Hearing loss and epilepsy are early features of Parkinson’s, according to pioneering new research from Queen Mary University of London – the first UK study of the condition in such a diverse population, published today in JAMA Neurology.
Queen Mary researchers funded by Bart’s Charity used electronic primary healthcare records from over a million people living in East London between 1990 and 2018 to explore early symptoms and risk factors for Parkinson’s.
The researchers found that known symptoms associated with Parkinson’s, including tremor and memory problems, can appear up to ten and five years before diagnosis respectively. They also uncovered two new early features of Parkinson’s, epilepsy and hearing loss, and were able to replicate these findings using additional data from the UK Biobank.
This is the first study focusing on the pre-diagnostic phase of Parkinson’s in such a diverse population with high socioeconomic deprivation but universal access to health care. People from minority ethnic groups and deprived areas have largely been under-represented in Parkinson’s research up till now, but to allow us to get a full picture of the condition we need to ensure research is inclusive and represents all those affected. Our results uncovered novel risk factors and early symptoms: epilepsy and hearing loss. Whilst previous research has hinted at the association, such as epilepsy being more prevalent in Parkinson’s patients than in the general population, more research is now needed for us to fully understand the relationship. In the meantime, it’s important that primary care practitioners are aware of these links and understand how early the symptoms of Parkinson’s can appear, so that patients can get a timely diagnosis and doctors can act early to help manage the condition.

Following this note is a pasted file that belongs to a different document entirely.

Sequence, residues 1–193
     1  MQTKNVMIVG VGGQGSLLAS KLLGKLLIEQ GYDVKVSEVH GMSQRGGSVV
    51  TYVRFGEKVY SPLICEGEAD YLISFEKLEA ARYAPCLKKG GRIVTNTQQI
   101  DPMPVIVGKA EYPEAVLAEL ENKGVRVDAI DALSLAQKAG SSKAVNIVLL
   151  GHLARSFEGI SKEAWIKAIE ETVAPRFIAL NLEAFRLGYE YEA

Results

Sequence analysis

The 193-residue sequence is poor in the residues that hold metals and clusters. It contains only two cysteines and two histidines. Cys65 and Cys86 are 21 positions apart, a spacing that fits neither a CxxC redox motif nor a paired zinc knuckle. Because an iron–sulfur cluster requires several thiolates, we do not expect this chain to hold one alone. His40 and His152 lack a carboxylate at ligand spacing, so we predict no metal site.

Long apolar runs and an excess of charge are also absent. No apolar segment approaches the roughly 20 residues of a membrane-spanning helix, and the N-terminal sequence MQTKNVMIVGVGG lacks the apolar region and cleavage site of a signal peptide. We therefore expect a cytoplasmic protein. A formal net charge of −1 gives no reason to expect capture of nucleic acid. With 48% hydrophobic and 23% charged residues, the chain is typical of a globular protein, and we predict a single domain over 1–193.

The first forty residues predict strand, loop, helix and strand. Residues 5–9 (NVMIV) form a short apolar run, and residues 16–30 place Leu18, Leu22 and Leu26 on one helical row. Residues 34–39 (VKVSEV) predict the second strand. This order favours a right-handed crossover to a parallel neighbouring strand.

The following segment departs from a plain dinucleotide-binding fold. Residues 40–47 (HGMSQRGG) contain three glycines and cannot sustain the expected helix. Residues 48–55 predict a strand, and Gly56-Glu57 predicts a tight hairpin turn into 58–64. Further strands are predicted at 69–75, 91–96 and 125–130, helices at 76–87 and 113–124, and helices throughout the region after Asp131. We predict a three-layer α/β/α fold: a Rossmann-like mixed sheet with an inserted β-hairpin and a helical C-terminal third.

Lead study author Dr Cristina Simonet, neurologist and PhD student at Queen Mary
People see their GPs with symptoms but often don’t get a diagnosis until five to ten years after this. This is too long for patients to wait. If we’re able to diagnose Parkinson’s earlier, we have a real opportunity to intervene early and offer treatments that could improve quality of life for patients. This study confirms that many of the symptoms and early features of Parkinson’s can occur long before a diagnosis. Through our ongoing PREDICT-PD research, we’re hoping to identify people at high risk of Parkinson’s even before obvious symptoms appear – which means that we could do more than just improve quality of life for patients, and perhaps be in the position to slow down or cure Parkinson’s in the future.
Dr Alastair Noyce, reader in neurology and neuroepidemiology at Queen Mary
PREDICT-PD is a large research project funded by Parkinson’s UK that aims to identify people at high risk of developing the condition. The researchers are looking for 10,000 people aged 60-80 years from all backgrounds who do not have Parkinson’s, to take part in a simple set of online tests that screen for factors linked to increased risk of the condition.